American Idol and Career Planning

When you watch American Idol, I bet you see a singing competition, or maybe even a judging show.  Not me, I see Career Development in action.

 

I am an American Idol Fan.  Sometimes I vote.  And, I read Entertainment Weekly’s Michael Slezak every week during Idol Season.  As you may know, last week Scott McIntyre was sent home, and this week Slezak’s Idolatry video featured Scott in three videos, explaining himself.  I was fascinated. 

 

He confirmed what I’ve always believed about the Idol cast, the kids who got the job: They Got The Job.  Now everything they do—everything—is about what they want to do after this gig.  Scott McIntyre, apparently, sees himself as a singer/songwriter with a specific brand and a very specific future; he had worked all of that out before the show began.  Since Idol doesn’t provide the top ten contestants with an opportunity to show off an original composition, Scott (who has a catalog of compositions numbering in the hundreds at least) decided to commit to his personal arrangement style for each performance, no matter the theme of the show in a given week.  He also crafted his plan for responding to criticism and comments from the judges—with help from his diplomacy training and experience as a Marshall scholar.

 

Scott may well have both secured and prolonged his term on the show by being extraordinarily poised, diplomatic but determined to be himself, and generally committed to his sturdy and grounded image of himself as a career singer/songwriter well beyond the Idol Finale and Tour.  You might say he had a plan and a brand.  Unlike lots of contestants who can sing a lot better.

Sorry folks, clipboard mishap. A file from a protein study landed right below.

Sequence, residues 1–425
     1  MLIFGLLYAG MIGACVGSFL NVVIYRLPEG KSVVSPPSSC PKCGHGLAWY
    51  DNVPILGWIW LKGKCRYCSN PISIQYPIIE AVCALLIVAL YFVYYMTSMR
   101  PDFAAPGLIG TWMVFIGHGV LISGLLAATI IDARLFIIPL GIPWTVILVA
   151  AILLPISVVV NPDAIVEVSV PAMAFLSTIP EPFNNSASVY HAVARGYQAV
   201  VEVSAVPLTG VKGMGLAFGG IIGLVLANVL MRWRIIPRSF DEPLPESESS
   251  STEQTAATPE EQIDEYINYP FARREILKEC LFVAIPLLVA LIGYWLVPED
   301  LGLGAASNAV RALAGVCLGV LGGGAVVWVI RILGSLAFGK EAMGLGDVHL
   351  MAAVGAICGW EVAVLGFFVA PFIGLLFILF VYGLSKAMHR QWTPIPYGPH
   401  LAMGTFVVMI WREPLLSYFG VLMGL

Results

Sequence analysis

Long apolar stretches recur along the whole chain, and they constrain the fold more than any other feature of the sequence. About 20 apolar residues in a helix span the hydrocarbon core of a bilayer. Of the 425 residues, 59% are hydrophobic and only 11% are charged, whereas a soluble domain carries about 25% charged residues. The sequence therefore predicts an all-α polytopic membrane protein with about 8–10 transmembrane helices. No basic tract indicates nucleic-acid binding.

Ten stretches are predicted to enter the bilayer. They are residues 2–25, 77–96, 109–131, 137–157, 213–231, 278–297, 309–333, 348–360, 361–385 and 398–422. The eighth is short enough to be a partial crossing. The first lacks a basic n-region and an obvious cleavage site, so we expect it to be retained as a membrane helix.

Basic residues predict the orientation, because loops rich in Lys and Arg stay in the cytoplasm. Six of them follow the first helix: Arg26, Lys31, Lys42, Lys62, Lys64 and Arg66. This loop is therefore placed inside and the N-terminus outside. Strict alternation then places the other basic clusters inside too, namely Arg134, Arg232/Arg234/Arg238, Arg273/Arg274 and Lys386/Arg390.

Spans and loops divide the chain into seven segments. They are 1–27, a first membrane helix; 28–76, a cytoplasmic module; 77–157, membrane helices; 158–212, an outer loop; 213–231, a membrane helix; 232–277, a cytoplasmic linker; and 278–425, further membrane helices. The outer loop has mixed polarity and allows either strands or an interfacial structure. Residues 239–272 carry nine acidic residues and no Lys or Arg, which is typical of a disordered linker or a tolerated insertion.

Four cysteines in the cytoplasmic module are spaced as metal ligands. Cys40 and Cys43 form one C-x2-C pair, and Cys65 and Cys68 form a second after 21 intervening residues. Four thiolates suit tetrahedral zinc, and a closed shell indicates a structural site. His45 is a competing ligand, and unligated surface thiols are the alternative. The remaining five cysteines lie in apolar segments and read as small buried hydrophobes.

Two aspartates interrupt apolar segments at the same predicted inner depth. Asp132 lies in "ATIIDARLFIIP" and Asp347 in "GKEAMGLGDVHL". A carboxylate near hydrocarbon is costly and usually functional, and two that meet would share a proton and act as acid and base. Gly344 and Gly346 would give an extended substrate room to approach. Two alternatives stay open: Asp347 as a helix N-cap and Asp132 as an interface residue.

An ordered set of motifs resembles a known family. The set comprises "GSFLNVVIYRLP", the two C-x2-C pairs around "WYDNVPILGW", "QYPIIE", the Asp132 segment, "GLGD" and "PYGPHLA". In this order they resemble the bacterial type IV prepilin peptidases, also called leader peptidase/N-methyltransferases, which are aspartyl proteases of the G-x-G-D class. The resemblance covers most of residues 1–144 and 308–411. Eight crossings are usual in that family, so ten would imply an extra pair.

Adam Lambert’s plan and brand are working for him, too.  I think his plan is to have the most memorable performances, wouldn’t you say?  His spectacular vocal ability and control is enhanced by his acting—and his ability to execute his fully-thought-out plan flawlessly.  Paula called him brave; I would say the word is prepared, actually, which for me only enhances the experience of watching his high wire acts.  He seems to have the best advisors of anyone on the show (you don’t think they work all this out in their heads, do you? Remember Archuleta’s dad?).  His range, flexibility, and credible (no, I didn’t mean incredible) daring—his distinctive difference—will procure his future, no matter the outcome from this point. 

 

But that is the point.   These are all hard-working, talented career seekers looking for opportunity—to get it, the smartest among them are armed with plans, advisors, experience, training, research, a network of go-to help, and a strong sense of who they want to be when this job ends and new opportunities present themselves.  There is no substitute for focus, commitment, and a purposeful plan.   I think Paula’s wrong about Fortune smiling on the brave (or something like that); I think Fortune smiles on the disciplined who stayed on message.  Take a career lesson here; think about and plan for exactly what you want, all the time. 

 

You might think Idol is a competition (as Randy often puts it, “a singing competition, Dawg!”), but I don’t.  I think it is a collaboration of like-minded career seekers (including the producers), who put on a great show every week and reap the rewards of their individual preparation, planning, and performance.   

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